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Rachel Lu Correctly Relates Natural Laws To Human Life And Asks Question: Are We A Nation That Kills Its Children?

 

Humility_Cover_featuredMandeville, LA – Exclusive Transcript – I’ll articulate this vocally, but I’ll let Rachel Lu in a couple short paragraphs articulate it literally.  She’s writing about these allegedly liberal Catholic women that say, [mocking] “We have to have choice for this and it’s not all bad.  There have to be exceptions and you can’t have this dogma.  This is not 1940 again.”  Check out today’s transcript for the rest….

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Begin Mike Church Show Transcript

Mike:  I’ll articulate this vocally, but I’ll let Rachel Lu in a couple short paragraphs articulate it literally.  She’s writing about these allegedly liberal Catholic women that say, [mocking] “We have to have choice for this and it’s not all bad.  There have to be exceptions and you can’t have this dogma.  This is not 1940 again.”

[reading]

On social media, Rachel Held Evans agonized in characteristic fashion over her “classic stuck-in-the-middle” dilemma: she values the unborn, but aren’t pro-lifers awfully obtuse about contraceptives, social programs, abstinence education and so forth?

The refrain is a familiar one. Liberal Catholics played it ad nauseum in the lead-up to the 2008 election. Instead of banning abortion, shouldn’t we do the things that “really help” to reduce the need? Like sterilizing people (temporarily or permanently), so that they can have empty sex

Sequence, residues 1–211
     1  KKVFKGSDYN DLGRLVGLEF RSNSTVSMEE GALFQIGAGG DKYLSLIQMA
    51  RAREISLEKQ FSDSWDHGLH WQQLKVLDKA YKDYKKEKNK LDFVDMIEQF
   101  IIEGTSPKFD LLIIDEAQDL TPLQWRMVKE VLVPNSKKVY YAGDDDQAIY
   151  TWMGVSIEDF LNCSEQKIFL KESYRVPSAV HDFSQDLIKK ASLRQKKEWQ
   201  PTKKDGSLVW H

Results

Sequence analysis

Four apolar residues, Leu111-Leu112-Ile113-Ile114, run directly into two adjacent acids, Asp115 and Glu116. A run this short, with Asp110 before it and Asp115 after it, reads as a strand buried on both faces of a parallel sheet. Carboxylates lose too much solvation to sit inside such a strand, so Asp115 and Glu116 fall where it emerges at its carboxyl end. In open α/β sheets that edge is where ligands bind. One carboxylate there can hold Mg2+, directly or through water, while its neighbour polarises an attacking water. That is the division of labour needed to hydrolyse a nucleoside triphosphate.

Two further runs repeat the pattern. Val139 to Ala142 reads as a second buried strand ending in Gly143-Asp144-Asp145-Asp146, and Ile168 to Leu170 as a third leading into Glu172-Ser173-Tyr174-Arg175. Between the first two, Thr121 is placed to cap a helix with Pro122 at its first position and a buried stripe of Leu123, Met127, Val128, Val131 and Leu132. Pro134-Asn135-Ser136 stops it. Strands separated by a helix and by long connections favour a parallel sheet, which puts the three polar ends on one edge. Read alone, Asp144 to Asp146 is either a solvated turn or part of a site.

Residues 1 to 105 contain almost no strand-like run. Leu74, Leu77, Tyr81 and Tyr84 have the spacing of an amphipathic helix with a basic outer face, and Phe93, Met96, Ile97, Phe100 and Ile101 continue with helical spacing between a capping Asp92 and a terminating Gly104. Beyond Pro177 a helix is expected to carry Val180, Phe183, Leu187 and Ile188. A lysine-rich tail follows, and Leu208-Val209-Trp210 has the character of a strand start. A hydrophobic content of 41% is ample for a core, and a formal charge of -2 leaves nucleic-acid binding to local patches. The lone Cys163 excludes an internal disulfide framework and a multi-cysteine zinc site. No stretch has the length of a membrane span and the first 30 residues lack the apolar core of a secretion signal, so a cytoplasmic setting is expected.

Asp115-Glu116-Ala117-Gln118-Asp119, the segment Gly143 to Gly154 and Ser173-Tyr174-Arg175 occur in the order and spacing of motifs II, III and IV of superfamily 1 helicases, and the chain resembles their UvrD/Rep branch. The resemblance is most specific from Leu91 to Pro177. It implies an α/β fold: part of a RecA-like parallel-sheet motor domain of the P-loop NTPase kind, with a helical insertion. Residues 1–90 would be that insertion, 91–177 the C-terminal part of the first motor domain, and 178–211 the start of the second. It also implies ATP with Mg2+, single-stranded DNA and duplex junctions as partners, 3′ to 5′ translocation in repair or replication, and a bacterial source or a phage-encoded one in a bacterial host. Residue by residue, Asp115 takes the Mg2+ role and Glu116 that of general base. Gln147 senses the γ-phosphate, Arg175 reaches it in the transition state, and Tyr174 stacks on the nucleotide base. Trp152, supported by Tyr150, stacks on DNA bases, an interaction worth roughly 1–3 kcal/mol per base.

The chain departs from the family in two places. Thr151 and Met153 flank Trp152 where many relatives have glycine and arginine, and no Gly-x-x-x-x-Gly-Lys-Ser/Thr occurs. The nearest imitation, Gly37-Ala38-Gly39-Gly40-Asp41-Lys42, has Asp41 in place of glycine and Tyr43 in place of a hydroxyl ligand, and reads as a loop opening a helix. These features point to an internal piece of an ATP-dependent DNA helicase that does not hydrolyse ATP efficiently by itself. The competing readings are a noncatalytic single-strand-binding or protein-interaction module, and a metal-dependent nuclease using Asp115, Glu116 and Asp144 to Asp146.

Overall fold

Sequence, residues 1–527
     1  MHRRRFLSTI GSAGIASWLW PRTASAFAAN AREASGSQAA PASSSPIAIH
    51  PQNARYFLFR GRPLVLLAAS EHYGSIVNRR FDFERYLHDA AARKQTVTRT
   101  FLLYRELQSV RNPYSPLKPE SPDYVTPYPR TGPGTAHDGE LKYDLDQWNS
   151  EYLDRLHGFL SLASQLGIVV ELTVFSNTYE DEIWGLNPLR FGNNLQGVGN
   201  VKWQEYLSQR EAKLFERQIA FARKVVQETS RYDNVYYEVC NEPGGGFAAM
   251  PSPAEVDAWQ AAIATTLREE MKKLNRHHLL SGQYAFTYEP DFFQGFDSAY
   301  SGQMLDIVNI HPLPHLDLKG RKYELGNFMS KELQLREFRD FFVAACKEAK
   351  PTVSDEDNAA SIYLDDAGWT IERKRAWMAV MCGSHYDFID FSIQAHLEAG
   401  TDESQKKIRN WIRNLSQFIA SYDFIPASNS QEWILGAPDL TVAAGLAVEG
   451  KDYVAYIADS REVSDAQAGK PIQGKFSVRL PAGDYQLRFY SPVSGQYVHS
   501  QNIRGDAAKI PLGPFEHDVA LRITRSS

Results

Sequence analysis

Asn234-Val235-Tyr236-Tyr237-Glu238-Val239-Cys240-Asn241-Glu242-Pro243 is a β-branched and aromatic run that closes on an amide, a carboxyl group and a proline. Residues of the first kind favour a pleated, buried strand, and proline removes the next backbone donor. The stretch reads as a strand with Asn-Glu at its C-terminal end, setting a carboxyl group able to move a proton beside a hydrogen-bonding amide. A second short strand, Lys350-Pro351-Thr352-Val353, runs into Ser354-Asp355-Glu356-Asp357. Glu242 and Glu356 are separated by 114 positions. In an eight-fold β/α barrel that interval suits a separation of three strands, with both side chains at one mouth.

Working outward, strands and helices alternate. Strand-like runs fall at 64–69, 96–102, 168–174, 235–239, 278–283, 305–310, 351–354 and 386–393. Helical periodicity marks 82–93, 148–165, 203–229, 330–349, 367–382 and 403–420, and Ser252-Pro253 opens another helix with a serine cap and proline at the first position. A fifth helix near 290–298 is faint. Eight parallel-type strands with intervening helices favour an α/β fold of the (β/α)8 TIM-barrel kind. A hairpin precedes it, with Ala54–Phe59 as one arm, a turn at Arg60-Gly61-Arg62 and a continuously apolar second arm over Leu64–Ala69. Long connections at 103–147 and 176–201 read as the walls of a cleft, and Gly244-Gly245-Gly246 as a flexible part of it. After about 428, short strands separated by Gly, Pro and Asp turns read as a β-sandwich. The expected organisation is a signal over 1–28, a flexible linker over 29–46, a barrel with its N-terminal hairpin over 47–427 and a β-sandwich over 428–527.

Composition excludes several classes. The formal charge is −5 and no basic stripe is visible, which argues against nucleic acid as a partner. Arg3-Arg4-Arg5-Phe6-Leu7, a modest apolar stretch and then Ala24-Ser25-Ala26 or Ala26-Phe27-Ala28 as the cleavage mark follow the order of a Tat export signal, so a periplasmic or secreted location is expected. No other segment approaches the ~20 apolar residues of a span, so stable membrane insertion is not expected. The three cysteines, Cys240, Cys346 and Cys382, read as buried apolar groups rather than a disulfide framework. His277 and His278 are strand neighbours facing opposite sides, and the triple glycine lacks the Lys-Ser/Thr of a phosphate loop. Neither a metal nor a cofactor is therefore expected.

[private |FP-Monthly|FP-Yearly|FP-Yearly-WLK|FP-Yearly-So76|Founding Brother|Founding Father|FP-Lifetime]

to their hearts’ content? Or rescuing them from poverty, so that they feel equal to childrearing?

It’s a beguiling line of argument because so often, this kind of reasoning is absolutely correct. In a conversation about taxes, health care, poverty relief, guns, immigration, crime control or a spectacular array of foreign policy concerns, I would happily agree that prudential reasoning is invaluable. Moral concerns are certainly relevant, but we should not allow cogent reasoning to be swamped by torrents of untrained moral outrage. Our policies should reflect a sober appreciation of real-world circumstances.

Abortion is different. It is not first and foremost a policy issue. Here, the moral problem stands in the foreground, and the prudential calculations properly recede. That is partly, of course, because the immediate and direct ramifications are so grave. Literally thousands of lives hang in the balance. This has been America’s most polarizing moral issue for four decades because it puts flesh (literally) on one of our society’s deepest moral problems.

We find ourselves presented with The Unexpected Child . . .

[end reading]